In their first semester as Princeton students, 13 freshmen are asking a range of questions in class directly relevant to their new situation: What is the purpose of college? How should they approach their time at Princeton?
Chihaya said her "big-picture" goal for the seminar is to "ask students what they — and others — really do at a university" and to invite the freshmen to "think about what they plan or hope to do in their four years here."
To spark the conversation, the students are exploring a diverse set of texts about university life, from novels to essays to movies. The reading list is bookended by date — 1920 and 2013 — by two novels with a Princeton connection, "This Side of Paradise" by F. Scott Fitzgerald of the Class of 1917, and "The Accursed" by Joyce Carol Oates, the Roger S. Berlind '52 Professor of the Humanities.
Also on the list are "The Secret History" by Donna Tartt, "On Beauty" by Zadie Smith and "I Am Charlotte Simmons" by Tom Wolfe. Films include "The Graduate," "School Daze," "Berkeley in the Sixties," "The Social Network" and the current film "Dear White People," about which students were asked to write a review.
Chihaya, who received her Ph.D. in comparative literature from the University of California-Berkeley in 2013 and is in her second year teaching at Princeton, said she has always been an avid reader of campus fiction. It is, she said, "a compellingly quirky and diverse genre, and I couldn't think of a better way to introduce first-semester freshmen to both the study of literature, and the college experience in general."
Freshman Gabi Agus said, "I love reading fiction, so the campus novels that are the bulk of the curriculum are purely pleasure reading for me."
The material is engaging and thought-provoking, leading students to examine the academic and social environment they have entered. "The books and films have all turned out to be as good as I had hoped, but my favorite thing about the seminar so far has been the way it makes us think critically about the college experience," said Caitlin Quinn.
For engineering student Patrick Boroughs, the subject matter provides academic variety. "It's my only class that's equation-free, and it's nice to get a break from that," he said. "I like being able to talk about university with people in the same position as I am — freshmen who are discovering a new life."
Chihaya added, "This is actually my first all-freshman class at Princeton, and it's been a joy to see my students getting to know this place, and each other."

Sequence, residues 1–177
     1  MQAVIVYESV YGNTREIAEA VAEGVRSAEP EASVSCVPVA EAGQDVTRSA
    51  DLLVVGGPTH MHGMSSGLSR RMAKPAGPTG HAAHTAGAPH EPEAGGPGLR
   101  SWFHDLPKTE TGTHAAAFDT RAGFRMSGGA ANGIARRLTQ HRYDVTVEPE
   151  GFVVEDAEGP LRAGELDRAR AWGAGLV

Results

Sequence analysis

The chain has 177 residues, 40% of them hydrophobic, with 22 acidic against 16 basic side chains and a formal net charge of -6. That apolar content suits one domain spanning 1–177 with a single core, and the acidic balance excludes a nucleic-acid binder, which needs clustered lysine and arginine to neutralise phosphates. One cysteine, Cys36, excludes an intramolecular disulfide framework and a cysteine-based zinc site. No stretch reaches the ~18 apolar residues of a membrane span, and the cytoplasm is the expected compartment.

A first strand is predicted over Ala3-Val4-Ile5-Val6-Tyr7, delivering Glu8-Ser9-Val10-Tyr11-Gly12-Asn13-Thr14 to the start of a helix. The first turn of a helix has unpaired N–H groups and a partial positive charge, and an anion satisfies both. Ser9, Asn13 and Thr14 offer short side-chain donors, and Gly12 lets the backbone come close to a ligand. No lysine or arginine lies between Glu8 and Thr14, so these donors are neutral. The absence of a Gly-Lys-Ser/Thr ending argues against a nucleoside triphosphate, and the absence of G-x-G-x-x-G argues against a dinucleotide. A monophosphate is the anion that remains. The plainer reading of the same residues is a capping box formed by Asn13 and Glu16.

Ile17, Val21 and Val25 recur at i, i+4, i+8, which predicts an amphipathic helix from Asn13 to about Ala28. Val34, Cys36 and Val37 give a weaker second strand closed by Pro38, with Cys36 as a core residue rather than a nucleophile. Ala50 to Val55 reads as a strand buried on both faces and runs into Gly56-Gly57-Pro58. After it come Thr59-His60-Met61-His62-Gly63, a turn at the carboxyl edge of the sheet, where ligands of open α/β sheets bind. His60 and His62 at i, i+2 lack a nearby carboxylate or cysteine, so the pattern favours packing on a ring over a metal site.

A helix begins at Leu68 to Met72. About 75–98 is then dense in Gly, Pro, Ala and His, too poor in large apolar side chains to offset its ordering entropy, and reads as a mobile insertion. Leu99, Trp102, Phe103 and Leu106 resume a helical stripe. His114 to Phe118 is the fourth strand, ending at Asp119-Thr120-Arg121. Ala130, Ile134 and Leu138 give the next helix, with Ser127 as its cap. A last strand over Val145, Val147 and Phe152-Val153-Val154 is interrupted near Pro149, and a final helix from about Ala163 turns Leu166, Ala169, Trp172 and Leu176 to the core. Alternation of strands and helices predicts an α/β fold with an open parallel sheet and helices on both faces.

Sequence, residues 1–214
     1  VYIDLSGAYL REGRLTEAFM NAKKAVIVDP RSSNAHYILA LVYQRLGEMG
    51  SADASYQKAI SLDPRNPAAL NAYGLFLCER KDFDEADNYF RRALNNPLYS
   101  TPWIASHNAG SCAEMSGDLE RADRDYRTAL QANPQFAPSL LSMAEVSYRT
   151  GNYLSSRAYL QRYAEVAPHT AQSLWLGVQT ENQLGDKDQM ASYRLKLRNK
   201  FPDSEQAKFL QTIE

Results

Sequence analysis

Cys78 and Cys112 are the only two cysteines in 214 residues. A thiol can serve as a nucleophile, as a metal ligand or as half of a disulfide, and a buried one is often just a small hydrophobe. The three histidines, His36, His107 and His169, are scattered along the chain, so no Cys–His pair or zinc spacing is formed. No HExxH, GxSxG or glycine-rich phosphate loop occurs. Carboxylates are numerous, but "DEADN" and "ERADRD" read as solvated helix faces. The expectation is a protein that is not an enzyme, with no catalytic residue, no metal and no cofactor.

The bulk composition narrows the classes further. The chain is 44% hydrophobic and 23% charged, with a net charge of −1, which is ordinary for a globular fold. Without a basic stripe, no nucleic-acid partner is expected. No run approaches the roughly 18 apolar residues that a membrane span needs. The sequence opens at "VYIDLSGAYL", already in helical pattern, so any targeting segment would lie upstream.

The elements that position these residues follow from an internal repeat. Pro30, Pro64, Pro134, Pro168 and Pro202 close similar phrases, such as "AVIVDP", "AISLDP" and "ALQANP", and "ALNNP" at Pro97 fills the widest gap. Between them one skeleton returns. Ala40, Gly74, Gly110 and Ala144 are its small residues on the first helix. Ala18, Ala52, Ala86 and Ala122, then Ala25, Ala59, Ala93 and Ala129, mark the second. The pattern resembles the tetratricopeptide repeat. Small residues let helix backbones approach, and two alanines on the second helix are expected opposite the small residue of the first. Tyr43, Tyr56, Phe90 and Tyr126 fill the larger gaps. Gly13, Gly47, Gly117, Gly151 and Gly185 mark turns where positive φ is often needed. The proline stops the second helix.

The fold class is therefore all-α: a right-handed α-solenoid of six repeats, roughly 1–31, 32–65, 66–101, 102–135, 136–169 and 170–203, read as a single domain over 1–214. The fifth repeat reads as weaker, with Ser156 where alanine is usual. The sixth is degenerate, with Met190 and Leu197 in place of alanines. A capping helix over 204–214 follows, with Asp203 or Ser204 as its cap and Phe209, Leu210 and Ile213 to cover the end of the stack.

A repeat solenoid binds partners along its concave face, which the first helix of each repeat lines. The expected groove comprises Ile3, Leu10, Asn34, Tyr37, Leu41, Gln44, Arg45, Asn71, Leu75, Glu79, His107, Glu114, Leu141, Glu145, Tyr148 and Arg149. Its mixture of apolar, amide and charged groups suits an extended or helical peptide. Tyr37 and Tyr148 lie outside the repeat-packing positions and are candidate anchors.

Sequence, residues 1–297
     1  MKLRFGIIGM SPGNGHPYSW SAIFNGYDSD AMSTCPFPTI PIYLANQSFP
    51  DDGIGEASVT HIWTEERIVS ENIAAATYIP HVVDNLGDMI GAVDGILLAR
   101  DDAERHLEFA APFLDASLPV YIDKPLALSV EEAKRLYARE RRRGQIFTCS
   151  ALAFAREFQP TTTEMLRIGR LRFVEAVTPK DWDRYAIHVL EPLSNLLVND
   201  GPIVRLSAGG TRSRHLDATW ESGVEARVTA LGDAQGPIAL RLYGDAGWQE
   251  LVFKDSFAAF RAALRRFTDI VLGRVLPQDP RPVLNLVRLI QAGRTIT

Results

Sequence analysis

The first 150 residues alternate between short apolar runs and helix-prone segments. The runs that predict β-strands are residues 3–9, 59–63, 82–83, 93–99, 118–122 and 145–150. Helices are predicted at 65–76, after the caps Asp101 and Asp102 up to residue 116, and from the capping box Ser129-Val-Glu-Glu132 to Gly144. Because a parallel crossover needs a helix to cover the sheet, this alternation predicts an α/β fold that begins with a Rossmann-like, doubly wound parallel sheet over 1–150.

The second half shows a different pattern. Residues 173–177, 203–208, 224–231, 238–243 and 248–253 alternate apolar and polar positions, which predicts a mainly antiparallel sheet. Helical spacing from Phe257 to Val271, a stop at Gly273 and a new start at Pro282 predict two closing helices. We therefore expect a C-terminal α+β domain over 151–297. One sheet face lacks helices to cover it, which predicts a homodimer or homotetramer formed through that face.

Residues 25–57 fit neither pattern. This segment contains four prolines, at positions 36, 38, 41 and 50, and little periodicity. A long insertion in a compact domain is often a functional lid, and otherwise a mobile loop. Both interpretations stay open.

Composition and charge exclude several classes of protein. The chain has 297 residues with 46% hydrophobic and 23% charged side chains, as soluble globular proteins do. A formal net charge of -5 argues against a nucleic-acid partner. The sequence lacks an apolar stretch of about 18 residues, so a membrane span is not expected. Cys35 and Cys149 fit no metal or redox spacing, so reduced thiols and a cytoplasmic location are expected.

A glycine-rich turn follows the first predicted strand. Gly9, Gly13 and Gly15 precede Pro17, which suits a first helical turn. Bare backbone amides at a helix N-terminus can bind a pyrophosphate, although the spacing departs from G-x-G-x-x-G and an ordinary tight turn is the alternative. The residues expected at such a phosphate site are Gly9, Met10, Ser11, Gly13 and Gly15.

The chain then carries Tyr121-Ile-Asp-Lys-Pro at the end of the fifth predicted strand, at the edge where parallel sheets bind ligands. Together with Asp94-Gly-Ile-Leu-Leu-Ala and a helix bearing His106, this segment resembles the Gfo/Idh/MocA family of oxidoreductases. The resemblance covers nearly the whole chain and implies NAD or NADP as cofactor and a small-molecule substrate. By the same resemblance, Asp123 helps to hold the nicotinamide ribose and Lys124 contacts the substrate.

During a recent class one afternoon in Whitman College, the topic of conversation was the novel "Lucky Jim" by British author Kingsley Amis, published in 1953. From all sides of the room, students participated in a lively discussion about the nature of success and what it means to be "lucky."
Taking his turn to present the day's text, Anhar Karim kicked off the class with the observation that the book's main character, Jim Dixon, a foundering new professor at an obscure English university, was to be "pitied," and that "luck was a major force in the novel."
The students talked about the various antics — comic and chaotic — that embroil Dixon as he heaps one mistake upon the next, and yet ends up with the woman of his dreams as well as a better job, this time outside academia.
"Why at the end of the novel does he get this happy ending?" asked Karim. "Is this book approving of Dixon's behavior?"
"I think it is Amis talking about society and how it is corrupt," said one student.
"It's poking fun at the system in general," added another. "What you need to be good at is manipulating the system to get ahead."
"Because maybe success is not what we should be striving for," said another student.
"What do we think of this idea of striving for something?" asked Chihaya. "Does the novel suggest that there's anything worth striving for?"
Noting that she had also read "Lucky Jim" as an undergraduate, Chihaya said she now sees this more as a book about faculty.
"I always thought that faculty had it all down, knew everything," joked a student.
Next, the students were asked to read two poems by Philip Larkin, a friend of Amis' understood to be the inspiration for "Lucky Jim." Chihaya explained that Larkin's poem "Toads" raises questions about doing "work to succeed" and "work as a burden." The other poem, "This Be the Verse," is one that "makes you laugh and makes you cry," Chihaya said.
The discussion prompted a heartfelt response from one student: "A lot of the reason I came to university is to get a job and money, and a happy life. But which way to go? What is the right way?"
The close-knit class encourages such candor and builds students' confidence in sharing ideas.
"I love how friendly the professor is," said Karim. "I feel like this class, and its seminar style, is an amazing way for me to get adjusted to how Princeton works."